Depending on the reason for your low blood pressure, you may be able to take certain steps to help reduce or even prevent symptoms. Some suggestions include:
May 02, 2014
- Drink more water, less alcohol. Alcohol is dehydrating and can lower blood pressure, even if you drink in moderation. Water, on the other hand, combats dehydration and increases blood volume.
Follow a healthy diet. Get all the nutrients you need for good health by focusing on a variety of foods, including whole grains, fruits, vegetables, and lean chicken and fish.
If your doctor suggests using more salt but you don't like a lot of salt on your food, try using natural soy sauce or adding dry soup mixes to dips and dressings.
Go slowly when changing body positions. You may be able to reduce the dizziness and lightheadedness that occur with low blood pressure on standing by taking it easy when you move from a prone to a standing position.
Before getting out of bed in the morning, breathe deeply for a few minutes and then slowly sit up before standing. Sleeping with the head of your bed slightly elevated also can help fight the effects of gravity.
If you begin to get symptoms while standing, cross your thighs in a scissors fashion and squeeze, or put one foot on a ledge or chair and lean as far forward as possible. These maneuvers encourage blood to flow from your legs to your heart.
Eat small, low-carb meals. To help prevent blood pressure from dropping sharply after meals, eat small portions several times a day and limit high-carbohydrate foods such as potatoes, rice, pasta and bread.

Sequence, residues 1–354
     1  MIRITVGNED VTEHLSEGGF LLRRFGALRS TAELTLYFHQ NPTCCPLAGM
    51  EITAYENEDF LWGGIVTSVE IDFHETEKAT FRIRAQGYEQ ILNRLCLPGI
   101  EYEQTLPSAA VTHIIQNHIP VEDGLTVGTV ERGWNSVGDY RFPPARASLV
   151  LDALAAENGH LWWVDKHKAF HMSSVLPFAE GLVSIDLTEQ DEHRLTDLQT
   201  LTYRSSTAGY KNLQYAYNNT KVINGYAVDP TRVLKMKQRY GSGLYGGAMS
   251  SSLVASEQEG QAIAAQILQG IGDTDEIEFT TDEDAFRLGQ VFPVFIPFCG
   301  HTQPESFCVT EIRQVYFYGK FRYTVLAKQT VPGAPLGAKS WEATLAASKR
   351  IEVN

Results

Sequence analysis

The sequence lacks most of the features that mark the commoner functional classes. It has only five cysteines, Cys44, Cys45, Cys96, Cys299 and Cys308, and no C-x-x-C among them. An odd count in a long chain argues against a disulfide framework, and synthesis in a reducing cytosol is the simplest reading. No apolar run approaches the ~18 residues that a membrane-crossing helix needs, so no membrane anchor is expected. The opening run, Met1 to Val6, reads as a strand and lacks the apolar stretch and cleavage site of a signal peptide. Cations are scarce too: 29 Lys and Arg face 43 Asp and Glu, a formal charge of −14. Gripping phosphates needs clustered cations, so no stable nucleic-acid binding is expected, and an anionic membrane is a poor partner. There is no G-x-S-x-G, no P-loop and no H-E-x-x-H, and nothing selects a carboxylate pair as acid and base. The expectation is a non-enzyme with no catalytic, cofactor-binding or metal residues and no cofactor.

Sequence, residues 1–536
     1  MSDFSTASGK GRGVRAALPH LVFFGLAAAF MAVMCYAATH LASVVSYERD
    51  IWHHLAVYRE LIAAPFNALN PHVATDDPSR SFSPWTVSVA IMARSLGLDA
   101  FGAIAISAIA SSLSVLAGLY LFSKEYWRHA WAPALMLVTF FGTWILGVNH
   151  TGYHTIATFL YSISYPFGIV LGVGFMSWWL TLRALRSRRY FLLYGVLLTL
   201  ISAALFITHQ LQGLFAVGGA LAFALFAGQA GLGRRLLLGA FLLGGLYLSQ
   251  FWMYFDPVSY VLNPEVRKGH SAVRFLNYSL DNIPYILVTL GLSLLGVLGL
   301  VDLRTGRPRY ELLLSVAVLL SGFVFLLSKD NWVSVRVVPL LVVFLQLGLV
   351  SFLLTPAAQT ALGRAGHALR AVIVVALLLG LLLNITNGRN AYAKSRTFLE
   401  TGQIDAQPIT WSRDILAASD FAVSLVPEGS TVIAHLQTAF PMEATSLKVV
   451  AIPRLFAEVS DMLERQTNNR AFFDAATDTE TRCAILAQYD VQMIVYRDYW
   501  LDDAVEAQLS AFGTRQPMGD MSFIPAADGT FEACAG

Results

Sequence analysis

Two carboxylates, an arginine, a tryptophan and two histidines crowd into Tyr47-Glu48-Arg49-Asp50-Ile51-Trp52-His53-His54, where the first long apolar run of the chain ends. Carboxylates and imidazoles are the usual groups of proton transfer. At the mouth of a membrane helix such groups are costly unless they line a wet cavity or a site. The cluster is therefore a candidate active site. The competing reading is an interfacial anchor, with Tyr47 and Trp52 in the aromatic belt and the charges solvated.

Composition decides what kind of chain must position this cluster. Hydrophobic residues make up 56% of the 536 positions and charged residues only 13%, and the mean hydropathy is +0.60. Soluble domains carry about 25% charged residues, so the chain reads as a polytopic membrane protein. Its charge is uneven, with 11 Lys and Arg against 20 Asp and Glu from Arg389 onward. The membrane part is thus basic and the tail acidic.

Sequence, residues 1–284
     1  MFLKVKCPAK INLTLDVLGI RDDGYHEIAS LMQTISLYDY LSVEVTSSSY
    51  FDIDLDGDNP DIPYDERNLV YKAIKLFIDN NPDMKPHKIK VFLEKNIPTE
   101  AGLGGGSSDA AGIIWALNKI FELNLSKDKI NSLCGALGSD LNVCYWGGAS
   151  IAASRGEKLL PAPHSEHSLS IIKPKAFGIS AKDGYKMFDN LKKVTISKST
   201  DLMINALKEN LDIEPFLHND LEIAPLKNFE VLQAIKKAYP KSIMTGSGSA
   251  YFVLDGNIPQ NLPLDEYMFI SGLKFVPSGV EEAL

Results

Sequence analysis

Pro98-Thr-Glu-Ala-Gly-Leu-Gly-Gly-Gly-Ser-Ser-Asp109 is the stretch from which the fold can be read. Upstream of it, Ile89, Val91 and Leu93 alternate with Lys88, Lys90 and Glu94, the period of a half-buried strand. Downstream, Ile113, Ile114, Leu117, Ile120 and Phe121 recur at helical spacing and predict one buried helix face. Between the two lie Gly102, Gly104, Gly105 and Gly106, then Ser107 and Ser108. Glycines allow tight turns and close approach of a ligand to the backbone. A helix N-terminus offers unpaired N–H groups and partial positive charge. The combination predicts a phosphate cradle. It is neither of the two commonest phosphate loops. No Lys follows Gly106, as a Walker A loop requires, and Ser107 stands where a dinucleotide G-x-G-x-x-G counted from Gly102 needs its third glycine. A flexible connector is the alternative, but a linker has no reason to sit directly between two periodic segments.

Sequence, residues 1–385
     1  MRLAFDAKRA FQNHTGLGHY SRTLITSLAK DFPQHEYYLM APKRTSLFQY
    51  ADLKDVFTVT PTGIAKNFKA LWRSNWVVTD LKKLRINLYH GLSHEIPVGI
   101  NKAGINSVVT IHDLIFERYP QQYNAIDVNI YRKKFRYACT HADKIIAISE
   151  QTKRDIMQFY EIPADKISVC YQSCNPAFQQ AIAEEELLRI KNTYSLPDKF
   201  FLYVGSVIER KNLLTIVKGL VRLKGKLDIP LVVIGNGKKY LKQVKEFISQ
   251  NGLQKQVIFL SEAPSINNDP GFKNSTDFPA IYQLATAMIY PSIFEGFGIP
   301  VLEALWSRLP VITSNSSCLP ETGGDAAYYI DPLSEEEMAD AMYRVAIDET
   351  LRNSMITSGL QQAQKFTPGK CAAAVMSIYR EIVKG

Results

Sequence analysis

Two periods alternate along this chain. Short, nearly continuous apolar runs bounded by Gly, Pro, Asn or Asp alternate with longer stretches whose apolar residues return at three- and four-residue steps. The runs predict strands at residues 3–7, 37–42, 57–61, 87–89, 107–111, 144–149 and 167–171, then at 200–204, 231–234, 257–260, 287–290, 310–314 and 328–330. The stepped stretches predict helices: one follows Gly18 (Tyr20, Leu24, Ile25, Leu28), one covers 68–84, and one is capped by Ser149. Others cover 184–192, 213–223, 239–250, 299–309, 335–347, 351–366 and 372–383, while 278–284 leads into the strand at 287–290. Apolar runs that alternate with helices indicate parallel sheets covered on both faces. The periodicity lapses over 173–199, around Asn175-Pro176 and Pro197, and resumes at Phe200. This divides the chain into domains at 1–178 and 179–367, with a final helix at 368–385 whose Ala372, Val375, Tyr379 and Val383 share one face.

Your doctor also may recommend drinking caffeinated coffee or tea with meals to temporarily raise blood pressure. But because caffeine can cause other problems, check with your doctor before drinking more caffeinated beverages.
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- Kaufman H, et al. Mechanisms, causes and evaluation of orthostatic hypotension. http://www.uptodate.com/home. Accessed Jan. 6, 2014.
- Kaufman H, et al. Treatment of orthostatic and postprandial hypotension. http://www.uptodate.com/home. Accessed Jan. 6, 2014.
- Bonow RO, et al. Braunwald's Heart Disease: A Textbook of Cardiovascular Medicine. 9th ed. Philadelphia, Pa.: Saunders Elsevier; 2012. http://www.clinicalkey.com. Accessed Jan. 6, 2014.
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- Shep SG (expert opinion). Mayo Clinic, Rochester, Minn. Jan. 11, 2014.